11 Let s make sure we understand this table. Consider the row in which d B =1 and the column in which B =0, which has a cell value of Where does that value come from? Well, if we have one backup disk drive left to allocate (i.e. d B =1) and we decide not to allocate it to location B (i.e. B =0), then the probability of failure of location B is 0.30, but we still have one backup disk drive left to allocate, so now we enter the stage C table on the d C =1 line, and the best decision in that line has a value of 0.25, so our recursive relationship for stage B gives a lowest probability of failure under these conditions of =0.075 for stage B and C. This is the value in that cell. See if you can see why the other cells have the values they do. Now we come to the last stage, stage A, which will encompass stages B and C as well and will then encompass the entire original problem, our signal to stop. The recursive relationship for stage A is f d ) min { p ( ) f ( d )}. The stage A table is again somewhat simpler A A( A A A B A A than the others since we know the number of backup disk drives available when we start the problem: it is eactly 2. We don t have to worry about intermediate numbers as we do for stages B and C. d A A =0 A =1 A =2 f A (d A ) d B =d A A Let s review again where the numbers in this table come from. Let s consider the optimum solution in the A =2 column, which has a value of That results from the stage A value of assigning 2 backup disk drives to stage A (i.e. 0.05) multiplied by the value of the best action given that you go forward to the net table with 0 backup disk drives left to distribute: the d B =0 row in the stage B table has a best value of 0.12, so the final result is = Note that we don t have to look at the stage C table at all to make this calculation. That s because the stage B table already incorporates all the information from the stage C table. This is a general property of dynamic programming: you only need to look at the current stage and one other optimum solution. There is not very much savings from this property in this tiny eample, but there can be a huge savings when you have a large problem with many stages. So at this point we know that the optimum solution has a minimum probability of failure of , but we still need to unwind the recursion to find the actual assignment of backup drives to locations that achieves this result (pretty simple in this eample). It goes like this: From the stage A table we see that of the 2 backup drives available, 2 should be assigned to stage A. So we enter the stage B table with 0 backup drives, and the optimum decision in this case is to assign 0 backup drives to stage B. So we enter the stage C table with 0 backup drives, and the optimum decision in this case is to assign 0 backup drives to stage C. This eample shows some of the generality of dynamic programming. The recursive relationship is multiplicative in this case, so there is no possibility of some kind of conversion to linear programming. Plus it also shows the value of redundancy in designing failsafe systems! Practical Optimization: a Gentle Introduction John W. Chinneck,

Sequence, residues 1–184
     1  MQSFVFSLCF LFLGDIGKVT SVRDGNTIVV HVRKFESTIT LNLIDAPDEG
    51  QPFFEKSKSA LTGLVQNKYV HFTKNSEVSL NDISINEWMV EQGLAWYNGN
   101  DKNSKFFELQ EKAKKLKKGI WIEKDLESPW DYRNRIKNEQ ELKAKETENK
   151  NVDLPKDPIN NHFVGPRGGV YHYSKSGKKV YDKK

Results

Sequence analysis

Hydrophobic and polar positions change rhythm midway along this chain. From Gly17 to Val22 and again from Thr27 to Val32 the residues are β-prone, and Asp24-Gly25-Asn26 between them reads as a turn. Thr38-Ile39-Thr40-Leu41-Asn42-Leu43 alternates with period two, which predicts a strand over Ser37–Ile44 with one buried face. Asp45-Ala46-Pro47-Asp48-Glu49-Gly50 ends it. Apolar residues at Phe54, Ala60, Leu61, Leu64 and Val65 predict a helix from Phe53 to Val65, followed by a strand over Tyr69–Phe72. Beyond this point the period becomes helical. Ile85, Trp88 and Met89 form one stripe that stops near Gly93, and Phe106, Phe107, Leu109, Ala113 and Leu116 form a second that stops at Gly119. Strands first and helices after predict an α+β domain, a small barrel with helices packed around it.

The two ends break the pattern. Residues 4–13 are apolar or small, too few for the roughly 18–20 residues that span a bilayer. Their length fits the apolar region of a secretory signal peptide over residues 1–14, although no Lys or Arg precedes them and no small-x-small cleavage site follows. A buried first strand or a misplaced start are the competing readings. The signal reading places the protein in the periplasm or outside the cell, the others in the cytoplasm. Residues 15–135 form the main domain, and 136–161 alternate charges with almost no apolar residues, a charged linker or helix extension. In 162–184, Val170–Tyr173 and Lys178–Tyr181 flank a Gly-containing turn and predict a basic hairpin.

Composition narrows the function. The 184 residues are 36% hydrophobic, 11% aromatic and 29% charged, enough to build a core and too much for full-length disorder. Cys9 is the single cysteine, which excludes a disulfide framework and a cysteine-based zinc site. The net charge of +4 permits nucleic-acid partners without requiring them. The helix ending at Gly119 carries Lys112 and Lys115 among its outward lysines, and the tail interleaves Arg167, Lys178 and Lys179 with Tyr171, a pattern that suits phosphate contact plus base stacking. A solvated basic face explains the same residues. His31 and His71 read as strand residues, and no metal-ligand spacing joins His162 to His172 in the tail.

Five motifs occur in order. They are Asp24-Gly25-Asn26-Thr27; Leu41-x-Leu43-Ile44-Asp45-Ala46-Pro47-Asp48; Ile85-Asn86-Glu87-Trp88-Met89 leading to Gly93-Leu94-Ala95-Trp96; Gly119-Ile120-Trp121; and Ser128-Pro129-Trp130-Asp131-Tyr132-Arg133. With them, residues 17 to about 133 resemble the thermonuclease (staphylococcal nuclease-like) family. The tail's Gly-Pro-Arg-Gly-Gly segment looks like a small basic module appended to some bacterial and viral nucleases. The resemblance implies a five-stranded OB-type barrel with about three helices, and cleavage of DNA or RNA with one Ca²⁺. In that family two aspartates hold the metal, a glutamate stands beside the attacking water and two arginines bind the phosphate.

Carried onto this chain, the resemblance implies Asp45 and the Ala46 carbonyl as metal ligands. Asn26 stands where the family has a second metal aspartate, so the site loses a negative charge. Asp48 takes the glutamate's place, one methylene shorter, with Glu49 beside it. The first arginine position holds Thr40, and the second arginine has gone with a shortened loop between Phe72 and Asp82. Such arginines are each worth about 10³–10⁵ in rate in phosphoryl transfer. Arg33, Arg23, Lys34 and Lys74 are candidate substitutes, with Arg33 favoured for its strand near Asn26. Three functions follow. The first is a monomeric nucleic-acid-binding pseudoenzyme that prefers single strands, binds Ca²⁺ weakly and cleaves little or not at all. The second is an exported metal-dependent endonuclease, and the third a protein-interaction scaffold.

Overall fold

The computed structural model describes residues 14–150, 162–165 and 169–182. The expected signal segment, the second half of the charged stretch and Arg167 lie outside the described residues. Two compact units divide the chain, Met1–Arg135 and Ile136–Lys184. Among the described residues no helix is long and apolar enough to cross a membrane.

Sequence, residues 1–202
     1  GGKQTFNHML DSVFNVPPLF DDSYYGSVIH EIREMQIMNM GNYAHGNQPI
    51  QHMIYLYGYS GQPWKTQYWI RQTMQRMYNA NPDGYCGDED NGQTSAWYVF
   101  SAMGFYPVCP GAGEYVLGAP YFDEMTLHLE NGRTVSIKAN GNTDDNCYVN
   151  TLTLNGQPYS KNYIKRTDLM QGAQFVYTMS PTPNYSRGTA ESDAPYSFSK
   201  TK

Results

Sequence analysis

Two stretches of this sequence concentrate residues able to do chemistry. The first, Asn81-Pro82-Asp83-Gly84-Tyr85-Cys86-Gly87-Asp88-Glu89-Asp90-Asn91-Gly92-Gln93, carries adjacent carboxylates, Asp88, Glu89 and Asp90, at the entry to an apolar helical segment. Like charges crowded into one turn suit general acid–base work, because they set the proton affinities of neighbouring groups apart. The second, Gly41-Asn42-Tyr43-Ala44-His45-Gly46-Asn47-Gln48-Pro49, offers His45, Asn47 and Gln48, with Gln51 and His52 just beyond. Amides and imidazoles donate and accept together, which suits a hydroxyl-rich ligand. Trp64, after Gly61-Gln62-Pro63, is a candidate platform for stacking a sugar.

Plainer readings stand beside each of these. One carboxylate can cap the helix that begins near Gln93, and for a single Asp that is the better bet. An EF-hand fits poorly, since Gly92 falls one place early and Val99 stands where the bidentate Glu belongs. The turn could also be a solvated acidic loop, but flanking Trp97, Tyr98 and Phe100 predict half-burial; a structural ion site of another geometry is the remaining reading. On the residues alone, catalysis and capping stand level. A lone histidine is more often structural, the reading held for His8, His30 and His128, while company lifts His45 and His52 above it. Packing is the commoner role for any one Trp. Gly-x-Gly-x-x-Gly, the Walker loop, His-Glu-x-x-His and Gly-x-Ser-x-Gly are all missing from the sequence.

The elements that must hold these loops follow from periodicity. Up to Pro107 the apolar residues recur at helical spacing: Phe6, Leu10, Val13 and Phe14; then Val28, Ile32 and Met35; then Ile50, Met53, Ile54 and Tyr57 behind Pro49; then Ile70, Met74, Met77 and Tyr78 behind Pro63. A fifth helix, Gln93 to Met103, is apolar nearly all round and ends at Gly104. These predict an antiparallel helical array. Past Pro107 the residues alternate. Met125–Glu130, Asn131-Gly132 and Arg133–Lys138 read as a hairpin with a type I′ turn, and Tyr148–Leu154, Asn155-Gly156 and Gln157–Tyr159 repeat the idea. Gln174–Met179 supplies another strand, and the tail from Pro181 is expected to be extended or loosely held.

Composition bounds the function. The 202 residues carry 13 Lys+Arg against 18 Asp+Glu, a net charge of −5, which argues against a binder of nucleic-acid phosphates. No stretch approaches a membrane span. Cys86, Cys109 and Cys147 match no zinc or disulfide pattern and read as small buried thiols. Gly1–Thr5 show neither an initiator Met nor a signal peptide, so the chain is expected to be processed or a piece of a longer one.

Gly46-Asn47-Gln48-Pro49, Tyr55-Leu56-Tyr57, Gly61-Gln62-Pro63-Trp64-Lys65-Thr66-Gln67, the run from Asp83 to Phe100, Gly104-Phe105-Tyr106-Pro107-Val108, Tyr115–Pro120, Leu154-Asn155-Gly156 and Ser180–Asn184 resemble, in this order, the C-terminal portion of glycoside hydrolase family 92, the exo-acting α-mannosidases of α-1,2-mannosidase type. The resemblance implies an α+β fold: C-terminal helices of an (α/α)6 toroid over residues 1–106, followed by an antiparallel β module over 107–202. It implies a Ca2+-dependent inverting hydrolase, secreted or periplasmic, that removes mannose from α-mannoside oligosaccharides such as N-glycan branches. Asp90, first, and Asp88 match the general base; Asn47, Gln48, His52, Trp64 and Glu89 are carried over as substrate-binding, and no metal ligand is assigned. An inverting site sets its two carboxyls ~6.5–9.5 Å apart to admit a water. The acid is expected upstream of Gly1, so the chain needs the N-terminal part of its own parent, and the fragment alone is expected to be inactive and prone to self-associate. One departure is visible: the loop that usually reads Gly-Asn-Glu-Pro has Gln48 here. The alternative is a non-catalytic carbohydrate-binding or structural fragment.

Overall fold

12 Final Comments on Dynamic Programming We have dealt thus far with the simplest possible case for dynamic programming: discrete and deterministic problems in which the direction of solution really didn t matter. Let s discuss each of these cases. First, there are problems which must be done by backwards recursion. For eample, consider the employee scheduling problem in which we must choose the number of employees working in each month over the net year. For each month we have forecasts of the number needed to do the work. However skilled workers are hard to hire, so layoffs are to be avoided since they incur a cost and we may not get the workers back. On the other hand, ecess employees are costly. The problem is to determine how many employees to hire and lay off every month to minimize overall costs. It is hugely more efficient to solve this problem working backwards in time since we know the numbers of employees needed each month. If we work forwards in time, then we have to keep track of a huge number of possible staffing levels that might be needed at future times instead of the small number of known staffing levels. Continuous models (e.g. water level behind a dam) can be handled by finding meaningful break points in the continuum (e.g. empty, minimum level for water supply, minimum level for hydroelectricity generation, full). Probabilistic versions of dynamic programming are also possible; the goal is then to minimize or maimize the epected value of the recursive value relationship. Finally it s important to understand that dynamic programming, though tedious to carry out by hand, is actually quite efficient compared to a brute force listing of all possible combinations to find the best one. For eample, if you are finding your way through a graph which has 5 possible nodes to go to at each of 6 stages (and is fully connected between each stage), then there are 5 5 =3125 possible paths if they are all enumerated, and each of these requires 5 addition operations for 15,625 total operations. However an analysis of a Dijkstra s algorithm dynamic programming solution shows that it takes just 105 operations. Hence the dynamic programming solution requires just 105/ of the work! Practical Optimization: a Gentle Introduction John W. Chinneck,